In the Critics this week

Terry Eagleton on Roger Scruton, Kate Mossman on Michael Jackson and Anne Applebaum interviewed.

In the Critics section of this week’s New Statesman, Terry Eagleton reviews Our Church, Roger Scruton’s personal history of the Church of England. “Scruton is homesick for the medieval England of Piers Plowman,” Eagleton writes. “He seems not to know that it was . . . a place of filth, fanaticism and excruciating torture.” Eagleton argues that Scruton has succumbed to his Romantic prejudices. “One suspects that this maverick intellectual is as fervent as he is about belonging because he will never really be able to.”

In the Books interview, Jonathan Derbyshire talks to Anne Applebaum about her new book about eastern Europe after the Second World War, Iron Curtain. “There’s a very real sense,” she says, “in which Soviet totalitarianism contained the seeds of its own destruction.”

Also in Books: William Cook on an edition of Mary Whitehouse’s letters of complaint to broadcasters in the 1960s and 1970s; Emma Hogan reviews John Batchelor’s biography of Alfred Tennyson; Anita Sethi on Ali Smith’s essay collection Artful; philosopher Simon Blackburn reviews Mind and Cosmos by Thomas Nagel, and finds Nagel giving succour to creationists and fans of intelligent design; the BBC’s environment analyst Roger Harrabin on The Carbon Crunch by Dieter Helm; and Toby Litt on Julian Cope’s Copendium.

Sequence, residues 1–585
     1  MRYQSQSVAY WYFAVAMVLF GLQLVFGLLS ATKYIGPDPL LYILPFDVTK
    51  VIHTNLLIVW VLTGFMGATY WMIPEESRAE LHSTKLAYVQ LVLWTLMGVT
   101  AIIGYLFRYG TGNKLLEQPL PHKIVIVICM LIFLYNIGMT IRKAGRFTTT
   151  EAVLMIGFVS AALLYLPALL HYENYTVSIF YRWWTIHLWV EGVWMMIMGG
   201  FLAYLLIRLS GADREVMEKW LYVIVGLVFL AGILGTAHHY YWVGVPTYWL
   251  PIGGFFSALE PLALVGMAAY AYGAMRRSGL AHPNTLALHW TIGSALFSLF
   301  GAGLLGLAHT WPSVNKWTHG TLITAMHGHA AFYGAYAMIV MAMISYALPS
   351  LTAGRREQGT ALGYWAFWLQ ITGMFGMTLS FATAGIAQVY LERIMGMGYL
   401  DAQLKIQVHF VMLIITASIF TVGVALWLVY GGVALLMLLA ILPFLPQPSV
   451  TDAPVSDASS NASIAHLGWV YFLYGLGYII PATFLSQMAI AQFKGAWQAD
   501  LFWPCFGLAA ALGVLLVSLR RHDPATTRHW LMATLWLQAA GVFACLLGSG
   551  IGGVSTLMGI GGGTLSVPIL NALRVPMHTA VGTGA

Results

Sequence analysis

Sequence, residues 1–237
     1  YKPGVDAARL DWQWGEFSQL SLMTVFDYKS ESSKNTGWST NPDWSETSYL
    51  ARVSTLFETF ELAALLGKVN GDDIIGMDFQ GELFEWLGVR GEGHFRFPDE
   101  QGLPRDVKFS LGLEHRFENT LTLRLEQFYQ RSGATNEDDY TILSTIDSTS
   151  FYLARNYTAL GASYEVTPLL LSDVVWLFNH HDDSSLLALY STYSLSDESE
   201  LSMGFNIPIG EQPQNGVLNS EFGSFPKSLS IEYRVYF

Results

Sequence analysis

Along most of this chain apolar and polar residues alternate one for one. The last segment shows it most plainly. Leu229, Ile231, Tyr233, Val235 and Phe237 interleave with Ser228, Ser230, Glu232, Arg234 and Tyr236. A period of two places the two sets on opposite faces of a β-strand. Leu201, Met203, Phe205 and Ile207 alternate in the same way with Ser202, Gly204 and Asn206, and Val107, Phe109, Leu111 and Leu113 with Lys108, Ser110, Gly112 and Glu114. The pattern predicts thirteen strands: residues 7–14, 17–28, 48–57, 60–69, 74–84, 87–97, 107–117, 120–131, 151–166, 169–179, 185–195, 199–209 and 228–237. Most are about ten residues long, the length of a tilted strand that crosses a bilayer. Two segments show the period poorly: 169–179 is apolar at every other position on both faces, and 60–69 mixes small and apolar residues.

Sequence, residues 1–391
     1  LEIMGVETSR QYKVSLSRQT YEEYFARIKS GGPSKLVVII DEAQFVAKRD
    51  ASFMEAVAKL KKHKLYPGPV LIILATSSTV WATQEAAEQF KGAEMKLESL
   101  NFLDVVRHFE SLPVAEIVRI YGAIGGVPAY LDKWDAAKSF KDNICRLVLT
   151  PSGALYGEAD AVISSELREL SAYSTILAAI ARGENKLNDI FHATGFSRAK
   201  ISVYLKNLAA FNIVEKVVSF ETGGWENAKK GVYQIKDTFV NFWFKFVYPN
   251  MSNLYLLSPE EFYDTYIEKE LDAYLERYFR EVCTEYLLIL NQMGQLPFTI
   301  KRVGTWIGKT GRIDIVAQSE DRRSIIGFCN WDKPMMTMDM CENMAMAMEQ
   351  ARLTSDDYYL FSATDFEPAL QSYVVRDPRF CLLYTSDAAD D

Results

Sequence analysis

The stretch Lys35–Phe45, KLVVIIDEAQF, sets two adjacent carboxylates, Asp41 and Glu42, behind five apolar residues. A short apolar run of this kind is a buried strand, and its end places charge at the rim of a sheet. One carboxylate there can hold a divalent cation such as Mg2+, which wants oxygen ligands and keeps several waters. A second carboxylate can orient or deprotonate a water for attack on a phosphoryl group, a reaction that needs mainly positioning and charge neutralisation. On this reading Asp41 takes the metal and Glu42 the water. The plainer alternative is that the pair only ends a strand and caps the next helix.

Our Critic at large this week is Kate Mossman, who revisits Michael Jackson’s epoch-making album Thriller, 30 years after its original release. “One of the reasons Thriller still sounds so brilliant today,” Mossman writes, “is that what came next” – Jackson’s radical experiments with cosmetic surgery – “never enters your head.”

Elsewhere in the Critics: Alexandra Coghlan on pianist Ben Grosvenor at the Queen Elizabeth Hall; NS theatre critic Andrew Billen on Damned by Despair, This House and The River; Rachel Cooke on the BBC’s Dickens update, Nick Nickleby; Antonia Quirke on the sacking of Danny Baker of BBC London 94.9; Ryan Gilbey on Ben Affleck’s Argo; Thomas Calvocoressi visits a new gallery in the Parisian banlieue; and Will Self’s Real Meals.

Michael Jackson in the mid-1980s (Photograph: Getty Images)
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Why we'll all have to stomach the high-tech future of food

Lab-grown meat and veg may be unappetising, but our planet's survial may depend on it.

Imagine: you’re out shopping with a friend and you decide to stop and get some lunch. Just off the high street, you spot a restaurant advertising a burger deal and decide to go in. On the menu, however, you see something strange: all the items are apparently made with “future food”. Some sort of hipster gimmick?

You order your burger, and the waitress brings it over. It looks like all the other burgers you’ve eaten in your life, but as the waitress talks you through your meal, you realise that this restaurant is unusual.

The meat, she tells you, is made from lab-grown beef. The vegetables that sit on top of it have been produced in a temperature-controlled lab, under LED lights. “Five times faster than outdoors!” your waitress beams. Oh, and the chips are made from irradiated potatoes – but that’s nothing new: it’s been legal to sell irradiated food in the UK since 2009. “It stops the potatoes sprouting,” she explains.